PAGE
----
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Latest and Breaking Biology News

First comprehensive meshfree numerical simulation of skeletal muscle tissue achieved
(University of California - San Diego) Engineers at the University of California, San Diego, have completed the first comprehensive numerical simulation of skeletal muscle tissue using a method that uses the pixels in an image as data points for the computer simulation -- a method known as mesh-free simulation.The researchers, led by J.S. Chen, a professor of structural engineering at the Jacobs School of Engineering at UC San Diego, presented their findings on the development of this method at the CompIMAGE'14 conference in Pittsburgh this month.

Power plant standards could save thousands of US lives every year
(Harvard School of Public Health) Power plant standards to cut climate-changing carbon emissions will reduce other harmful air pollution and provide substantial human health benefits, according to a new study.

Keystone Symposia launches 2014-2015 meeting series with Global Health Vaccines Conference
(Keystone Symposia on Molecular & Cellular Biology) Keystone Symposia will convene the first conference of its 2014-2015 season and the first in its 2014-15 Global Health Series at the Sheraton Seattle Hotel -- immediately following the conclusion of the Grand Challenges Meeting for that program's grantees. The four-day conference is part of the Keystone Symposia Global Health Series, supported by the Bill & Melinda Gates Foundation, which has also funded travel awards for 36 investigators from developing countries to attend.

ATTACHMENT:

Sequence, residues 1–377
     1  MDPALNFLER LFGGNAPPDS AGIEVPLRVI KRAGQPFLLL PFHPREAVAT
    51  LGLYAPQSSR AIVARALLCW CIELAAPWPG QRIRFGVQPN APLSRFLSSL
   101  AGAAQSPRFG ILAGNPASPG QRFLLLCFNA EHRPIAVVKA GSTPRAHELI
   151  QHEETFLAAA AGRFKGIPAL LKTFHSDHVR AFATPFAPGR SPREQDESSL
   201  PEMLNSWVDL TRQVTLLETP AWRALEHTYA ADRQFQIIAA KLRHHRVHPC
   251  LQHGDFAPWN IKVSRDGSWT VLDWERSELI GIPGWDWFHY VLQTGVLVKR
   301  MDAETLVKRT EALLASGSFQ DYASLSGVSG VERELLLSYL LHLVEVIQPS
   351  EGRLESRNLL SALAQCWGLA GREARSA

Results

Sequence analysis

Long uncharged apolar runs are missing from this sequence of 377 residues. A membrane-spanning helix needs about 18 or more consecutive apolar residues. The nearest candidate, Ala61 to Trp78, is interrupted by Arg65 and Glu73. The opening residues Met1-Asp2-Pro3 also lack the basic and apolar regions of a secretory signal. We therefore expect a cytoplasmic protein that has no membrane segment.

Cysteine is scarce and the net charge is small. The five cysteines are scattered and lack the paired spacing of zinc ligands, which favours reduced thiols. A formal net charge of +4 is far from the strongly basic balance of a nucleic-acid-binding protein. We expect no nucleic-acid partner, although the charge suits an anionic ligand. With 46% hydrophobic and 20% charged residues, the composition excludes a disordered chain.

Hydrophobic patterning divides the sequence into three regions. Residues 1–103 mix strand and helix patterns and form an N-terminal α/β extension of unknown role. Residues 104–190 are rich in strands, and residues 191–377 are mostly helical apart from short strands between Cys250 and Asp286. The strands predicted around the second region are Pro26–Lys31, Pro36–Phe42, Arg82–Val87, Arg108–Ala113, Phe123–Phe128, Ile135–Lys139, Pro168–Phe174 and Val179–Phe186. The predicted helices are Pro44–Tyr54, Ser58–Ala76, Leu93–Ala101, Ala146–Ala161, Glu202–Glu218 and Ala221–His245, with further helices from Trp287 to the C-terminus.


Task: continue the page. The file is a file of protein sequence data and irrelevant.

Rating the planet's oceans
(University of California - Santa Barbara) Researchers from UCSB's National Center for Ecological Analysis and Synthesis helped produce the first Ocean Health Index that includes all the Earth's oceans.

UMD receives inaugural BRAIN Initiative Award
(University of Maryland) University of Maryland and National Institutes of Health researchers received a three-year $1.7 million grant from the NIH to develop new imaging technologies and data analysis techniques that will further our understanding of how large networks of neurons in the brain interact to process sensory information. This knowledge will help researchers identify the precise interactions between millions of nerve cells that drive behavior and alterations in these interactions that may be responsible for brain disorders.

The cultural side of science communication
(Northwestern University) Do we think of nature as something that we enjoy when we visit a national park and something we need to 'preserve?' Or do we think of ourselves as a part of nature? A bird's nest is a part of nature, but what about a house? The answers to these questions reflect different cultural orientations. They are also reflected in our actions, our speech and in cultural artifacts, according to a new Northwestern University study.

Salk scientists receive $3 million for BRAIN Initiative grant
(Salk Institute) This 3-year award will advance a novel approach to understanding the brain.

Disease decoded: Gene mutation may lead to development of new cancer drugs
(University of Michigan) The discovery of a gene mutation that causes a rare premature aging disease could lead to the development of drugs that block the rapid, unstoppable cell division that makes cancer so deadly

NIH taps lab to develop sophisticated electrode array system to monitor brain act
(DOE/Lawrence Livermore National Laboratory) The National Institutes of Health awarded Lawrence Livermore National Laboratory a grant today to develop an electrode array system that will enable researchers to better understand how the brain works through unprecedented resolution and scale.

High-speed drug screen
(Massachusetts Institute of Technology) Massachusetts Institute of Technology engineers have devised a way to rapidly test hundreds of different drug-delivery vehicles in living animals, making it easier to discover promising new ways to deliver a class of drugs called biologics, which includes antibodies, peptides, RNA, and DNA, to human patients.

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